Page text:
If you love your crafts, quilting and sewing then maybe you have dreamt about a fabulous space to turn into your own sewing room. After all, it’s not always easy fitting in your hobby around a busy family. You find yourself having to compromise the whole time. Putting things away and having to get them out again can be a real chore.
Imagine having a space in which you could have easy access to everything you needed. Imagine a space to sit, doodle and think. You might even cover the walls with a display of your handiwork. Perhaps it would be big enough to accommodate friends from time to time. But above all, it would be your sewing room. But what if you could re-think things and make that space a reality? How would you go about it?
You might like the idea but could be thinking that you might not have space. First of all take a closer look at your home and the use you get out of it. There is nothing to say that this sewing room project of yours might not have to share a space. You could however think of it in another way. Rather than a dining room that could be used for sewing, how about a sewing room that could occasionally be used for dining? In other words, think about giving the sewing room priority.
If you have a spare room that is underused, you need to think about a quiet little invasion. A sewing room could at a pinch have a bed in it that was occasionally used for guests. Take the same attitude to an office or any room in the house. The sewing room cometh! From now on treat this space as yours.
You’ll want a sewing table. And a sewing table is just an extension of the base for your sewing machine. Or could it be a little more than that? What would you like in a perfect world? If you are just starting out or are not sure about your machine check out www.quiltersreview.com for a great review of the best machines to invest in. Make sure you get the right machine for you. That machine deserves space and spaces can double up, but isn’t that what you always have to do? This is about a room dedicated to sewing. For that, you’ll need a good-sized work surface. Something big enough to cut on. Something you can fix a measuring tape to.
You might also want a pressing area, so your ironing board will want a look in. If you are going into business even in a small way, you’ll want to make sure you have the space to process orders and keep everything organised.
You want to be able to approach your cutting table from at least two sides. A central table would be ideal. Some slimmer work areas cope quite happily along a wall with an L-type extension providing further space. Any flat area that folds up and down could work if space were tight.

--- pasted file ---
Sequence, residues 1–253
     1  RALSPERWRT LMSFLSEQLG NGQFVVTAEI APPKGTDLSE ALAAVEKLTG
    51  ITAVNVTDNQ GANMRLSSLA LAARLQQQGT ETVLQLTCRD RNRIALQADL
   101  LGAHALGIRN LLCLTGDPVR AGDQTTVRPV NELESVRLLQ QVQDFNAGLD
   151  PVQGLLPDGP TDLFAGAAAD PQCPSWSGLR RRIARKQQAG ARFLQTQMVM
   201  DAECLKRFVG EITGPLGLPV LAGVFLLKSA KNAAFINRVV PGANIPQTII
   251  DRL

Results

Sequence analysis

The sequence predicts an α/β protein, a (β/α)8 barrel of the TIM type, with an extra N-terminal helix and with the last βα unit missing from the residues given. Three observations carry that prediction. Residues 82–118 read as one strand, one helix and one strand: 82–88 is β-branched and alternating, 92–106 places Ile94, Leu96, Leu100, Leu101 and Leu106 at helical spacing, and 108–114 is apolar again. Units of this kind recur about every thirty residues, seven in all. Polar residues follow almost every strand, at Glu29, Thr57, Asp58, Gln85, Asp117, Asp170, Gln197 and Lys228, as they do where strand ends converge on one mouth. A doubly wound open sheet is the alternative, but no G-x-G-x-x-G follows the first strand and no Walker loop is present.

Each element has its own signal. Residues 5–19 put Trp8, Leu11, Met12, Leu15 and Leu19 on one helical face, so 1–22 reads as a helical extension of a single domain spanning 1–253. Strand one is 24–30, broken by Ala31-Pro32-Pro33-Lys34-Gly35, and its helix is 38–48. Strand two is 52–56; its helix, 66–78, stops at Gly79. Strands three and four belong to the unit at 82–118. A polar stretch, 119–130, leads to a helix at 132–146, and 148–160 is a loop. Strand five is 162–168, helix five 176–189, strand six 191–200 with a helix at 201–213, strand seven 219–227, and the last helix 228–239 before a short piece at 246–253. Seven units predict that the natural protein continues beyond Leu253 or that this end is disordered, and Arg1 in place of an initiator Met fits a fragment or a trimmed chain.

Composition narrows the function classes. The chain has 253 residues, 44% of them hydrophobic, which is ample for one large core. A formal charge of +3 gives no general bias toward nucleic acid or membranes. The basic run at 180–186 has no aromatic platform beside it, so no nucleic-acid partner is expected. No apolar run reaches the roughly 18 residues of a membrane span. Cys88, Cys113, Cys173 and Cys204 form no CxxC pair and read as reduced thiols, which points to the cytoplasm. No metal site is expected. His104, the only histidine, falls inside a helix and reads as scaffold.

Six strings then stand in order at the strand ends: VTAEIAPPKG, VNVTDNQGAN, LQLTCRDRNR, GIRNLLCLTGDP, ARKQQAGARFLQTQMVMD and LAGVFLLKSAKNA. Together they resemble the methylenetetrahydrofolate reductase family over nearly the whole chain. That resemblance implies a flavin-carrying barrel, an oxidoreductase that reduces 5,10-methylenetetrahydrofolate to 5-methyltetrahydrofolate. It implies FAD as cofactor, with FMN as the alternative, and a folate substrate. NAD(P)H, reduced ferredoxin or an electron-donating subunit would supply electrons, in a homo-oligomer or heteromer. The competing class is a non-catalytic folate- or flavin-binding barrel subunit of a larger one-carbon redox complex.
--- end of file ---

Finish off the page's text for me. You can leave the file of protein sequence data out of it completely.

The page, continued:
Invest in a good, solid and adjustable chair. An office chair could be ideal. Make sure it has the back support you need. If you like the idea, a chair with wheels could be useful.
Light is going to be important. You’ll have to consider two sources. The natural light that comes in the window and the light that you can create with overhead lighting and lamps. If you can, maximize natural light. This is better for colour work and, in fact, better for your eyes. While we are on the subject of light, don’t just settle for a dull yellow glow from a central pendant. Try and use white LED light and see if you like the way it sharpens up your focus.
All these lamps, sewing machines, irons and any other electrical devices such as laptops are going to need power. The last thing you want is a tangle of cables tripping you up. Try and organize your room and available sockets so this cannot happen. For many that will mean an extension with an adaptor. Again make it discreet and not a hazard.
Storage is the key to the success of your sewing room. Build it up big time! Get a decent set of shelves and drawers. You’ll want some bits and pieces handy while others, will be happily tucked away. Have a think about how you’d like to store your materials. For example, materials can be folded, stacked, rolled or hung. It will depend on how much fabric you have of course, but think about how a fabric shop organizes itself. Shelves can hold a myriad of items and see through glass jars are a stroke of crafty genius. The best part being you can see exactly what colours of buttons and ribbons etc you are holding.
Use the walls to display
There is still a lot of mileage left in the humble peg board, or even the cork board come to that. A sewing room looks great when it has a lot of inspiration on its walls. You can hang anything you like. But what a lovely idea it is to display pieces such as cushions or covers and even quilts as they are finished. Showcase your work at every opportunity!
It could be a good idea to keep your sewing room fairly neutral. There might be a riot of colour going on otherwise. You could run up some funky curtains! Keep color light to encourage and maximise space. White is fairly clinical. Good energy colours include light blues and greens. Lilac is great cool creative colour.
Lastly, step back and allow yourself to take in the result of your dream and your hard work. There is a tremendous sense of satisfaction to be derived from your sewing room. Look upon it as a gift to yourself that you might, in turn, keep on giving back. Now it just remains for you to make something awesome!